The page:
{\bf Cook-Levin Theorem}: $3SAT$ is $NP$-complete.
{\it Are there other $NP$-complete problems?} To prove that $X$ is $NP$-complete
\begin{itemize}
\item {\it From scratch}: prove $X$ is in $NP$ and that all $NP$ problems are polynomial-time
reducible to $X$.
\item {\it Using reduction}: prove $X$ is in $NP$ and that a known-to-be $NP$-complete problem
is polynomial-time reducible to $X$.
\end{itemize}
\vfill
\vfill
\newpage
{\bf CLIQUE}: A {\bf $k$-clique} in an undirected graph is a maximally connected subgraph with $k$ nodes.
\[
CLIQUE = \{ \langle G, k \rangle \mid \text{$G$ is an undirected graph with a $k$-clique} \}
\]
Example strings in $CLIQUE$
\vfill
Example strings not in $CLIQUE$
\vfill
Theorem (Sipser 7.32):
\[
3SAT \leq_P CLIQUE
\]
Given a Boolean formula in conjunctive normal form with $k$ clauses and three literals per clause, we will
map it to a graph so that the graph has a clique if the original formula is satisfiable and the
graph does not have a clique if the original formula is not satisfiable.
The graph has $3k$ vertices (one for each literal in each clause) and an edge between all vertices except
\begin{itemize}
\item vertices for two literals in the same clause
\item vertices for literals that are negations of one another
\end{itemize}
Example: $(x \vee \bar{y} \vee {\bar z}) \wedge (\bar{x} \vee y \vee z) \wedge (x \vee y \vee z)$
\vfill
\newpage
\subsection*{Review: Week 10 Wednesday}
Please complete the review quiz questions on \href{http://gradescope.com}{Gradescope} about
complexity ($NP$-completeness)
\newpage
\subsection*{Friday}
\begin{center}
\begin{tabular}{|p{4in}|p{3.5in}|}
\hline
& \\
{\bf Model of Computation} & {\bf Class of Languages}\\
&\\
\hline
& \\
{\bf Deterministic finite automata}:
formal definition, how to design for a given language,
how to describe language of a machine?
{\bf Nondeterministic finite automata}:
formal definition, how to design for a given language,
how to describe language of a machine?
{\bf Regular expressions}: formal definition, how to design for a given language,
how to describe language of expression?
{\it Also}: converting between different models. &
{\bf Class of regular languages}: what are the closure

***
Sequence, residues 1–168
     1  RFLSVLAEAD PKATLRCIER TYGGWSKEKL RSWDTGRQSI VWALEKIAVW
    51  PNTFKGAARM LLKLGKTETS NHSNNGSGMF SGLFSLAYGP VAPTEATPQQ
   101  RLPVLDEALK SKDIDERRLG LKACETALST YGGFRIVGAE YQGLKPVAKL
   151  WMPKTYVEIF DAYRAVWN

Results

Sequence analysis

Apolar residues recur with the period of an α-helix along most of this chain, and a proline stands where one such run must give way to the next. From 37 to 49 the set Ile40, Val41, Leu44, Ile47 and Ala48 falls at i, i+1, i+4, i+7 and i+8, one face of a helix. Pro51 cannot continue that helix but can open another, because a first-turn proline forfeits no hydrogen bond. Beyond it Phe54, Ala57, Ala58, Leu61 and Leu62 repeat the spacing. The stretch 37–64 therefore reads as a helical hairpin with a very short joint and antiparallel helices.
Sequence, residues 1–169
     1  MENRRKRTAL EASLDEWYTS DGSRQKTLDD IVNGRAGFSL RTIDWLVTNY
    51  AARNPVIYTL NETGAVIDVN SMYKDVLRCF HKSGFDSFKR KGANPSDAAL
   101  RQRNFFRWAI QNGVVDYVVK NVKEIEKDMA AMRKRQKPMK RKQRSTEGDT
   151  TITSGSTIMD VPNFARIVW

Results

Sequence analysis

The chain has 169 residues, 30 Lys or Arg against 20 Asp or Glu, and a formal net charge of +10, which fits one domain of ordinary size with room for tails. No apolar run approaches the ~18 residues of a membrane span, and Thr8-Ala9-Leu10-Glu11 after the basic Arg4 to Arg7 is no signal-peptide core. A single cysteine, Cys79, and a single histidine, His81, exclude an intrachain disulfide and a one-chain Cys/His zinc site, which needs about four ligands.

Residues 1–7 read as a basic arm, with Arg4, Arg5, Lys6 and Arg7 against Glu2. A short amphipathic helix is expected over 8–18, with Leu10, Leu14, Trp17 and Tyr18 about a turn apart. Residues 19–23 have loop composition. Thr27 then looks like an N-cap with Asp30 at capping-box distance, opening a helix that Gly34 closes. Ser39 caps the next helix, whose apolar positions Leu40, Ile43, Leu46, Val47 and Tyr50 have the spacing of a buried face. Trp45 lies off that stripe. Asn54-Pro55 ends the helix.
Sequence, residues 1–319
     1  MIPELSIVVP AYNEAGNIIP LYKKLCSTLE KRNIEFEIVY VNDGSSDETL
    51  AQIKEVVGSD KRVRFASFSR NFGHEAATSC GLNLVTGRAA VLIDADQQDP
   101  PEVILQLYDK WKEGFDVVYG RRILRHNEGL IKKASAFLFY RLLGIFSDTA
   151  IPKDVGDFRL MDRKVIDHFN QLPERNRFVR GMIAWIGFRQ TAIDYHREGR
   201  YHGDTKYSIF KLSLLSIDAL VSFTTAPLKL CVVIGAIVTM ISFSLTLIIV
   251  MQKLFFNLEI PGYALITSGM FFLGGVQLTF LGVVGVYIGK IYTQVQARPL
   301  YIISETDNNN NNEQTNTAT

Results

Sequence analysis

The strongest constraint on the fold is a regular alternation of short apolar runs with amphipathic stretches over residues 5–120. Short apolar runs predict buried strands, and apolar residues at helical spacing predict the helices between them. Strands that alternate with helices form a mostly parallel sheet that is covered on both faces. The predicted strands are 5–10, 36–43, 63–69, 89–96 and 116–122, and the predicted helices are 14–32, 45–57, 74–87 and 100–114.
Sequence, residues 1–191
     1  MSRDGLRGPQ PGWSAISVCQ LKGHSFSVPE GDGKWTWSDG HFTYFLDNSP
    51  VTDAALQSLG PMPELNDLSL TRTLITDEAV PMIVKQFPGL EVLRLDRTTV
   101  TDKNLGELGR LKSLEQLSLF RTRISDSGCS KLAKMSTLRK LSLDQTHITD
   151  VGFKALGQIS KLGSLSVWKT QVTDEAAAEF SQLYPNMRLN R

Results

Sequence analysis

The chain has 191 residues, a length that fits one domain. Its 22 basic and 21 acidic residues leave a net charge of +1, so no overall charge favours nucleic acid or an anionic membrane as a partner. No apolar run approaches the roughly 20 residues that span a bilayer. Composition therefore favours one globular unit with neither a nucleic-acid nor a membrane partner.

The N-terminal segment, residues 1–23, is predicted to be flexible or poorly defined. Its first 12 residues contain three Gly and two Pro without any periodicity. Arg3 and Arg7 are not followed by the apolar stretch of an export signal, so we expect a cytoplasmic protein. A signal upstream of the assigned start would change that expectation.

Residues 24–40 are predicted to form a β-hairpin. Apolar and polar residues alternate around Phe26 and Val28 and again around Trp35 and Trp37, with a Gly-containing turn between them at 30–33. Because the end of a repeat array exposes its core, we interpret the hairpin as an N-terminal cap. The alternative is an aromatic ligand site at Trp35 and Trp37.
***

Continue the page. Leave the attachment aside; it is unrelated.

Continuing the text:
properties of this class? which languages are not in the class?
using {\bf pumping lemma} to prove nonregularity.\\
& \\
\hline
& \\
{\bf Push-down automata}:
formal definition, how to design for a given language,
how to describe language of a machine?
{\bf Context-free grammars}:
formal definition, how to design for a given language,
how to describe language of a grammar? &
{\bf Class of context-free languages}: what are the closure
properties of this class? which languages are not in the class?\\
& \\
\hline
& \\
Turing machines that always halt in polynomial time
& $P$ \\
& \\
Nondeterministic Turing machines that always halt in polynomial time
& $NP$ \\
& \\
\hline
& \\
{\bf Deciders} (Turing machines that always halt):
formal definition, how to design for a given language,
how to describe language of a machine? &
{\bf Class of decidable languages}: what are the closure properties
of this class? which languages are not in the class? using diagonalization
and mapping reduction to show undecidability \\
& \\
\hline
& \\
{\bf Turing machines}
formal definition, how to design for a given language,
how to describe language of a machine? &
{\bf Class of recognizable languages}: what are the closure properties
of this class? which languages are not in the class? using closure
and mapping reduction to show unrecognizability \\
& \\
\hline
\end{tabular}
\end{center}
\newpage
{\bf Given a language, prove it is regular}
{\it Strategy 1}: construct DFA recognizing the language and prove it works.
{\it Strategy 2}: construct NFA recognizing the language and prove it works.
{\it Strategy 3}: construct regular expression recognizing the language and prove it works.
{\it ``Prove it works'' means \ldots}
\vspace{100pt}
{\bf Example}: $L = \{ w \in \{0,1\}^* \mid \textrm{$w$ has odd number of $1$s or starts with $0$}\}$
Using NFA
\vfill
Using regular expressions
\vfill
\newpage
{\bf Example}: Select all and only the options that result in a true statement: ``To show
a language $A$ is not regular, we can\ldots''
\begin{enumerate}
\item[a.] Show $A$ is finite
\item[b.] Show there is a CFG generating $A$
\item[c.] Show $A$ has no pumping length
\item[d.] Show $A$ is undecidable
\end{enumerate}
\newpage
{\bf Example}: What is the language generated by the CFG with rules
\begin{align*}
S &\to aSb \mid bY \mid Ya \\
Y &\to bY \mid Ya \mid \varepsilon
\end{align*}
\newpage
{\bf Example}: Prove that the language
$T = \{ \langle M \rangle \mid \textrm{$M$ is a Turing machine and $L(M)$ is infinite}\}$
is undecidable.
\newpage
{\bf Example}: Prove that the class of decidable languages is closed under concatenation.
\newpage
\vfill
\begin{center}
\includegraphics[width=5in]{../../resources/images/wood-951875_960_720.jpeg}
\end{center}
\vfill
\subsection*{Review: Week 10 Friday}
Please complete the review quiz questions on \href{http://gradescope.com}{Gradescope} giving feedback on the quarter.
Have a great summer!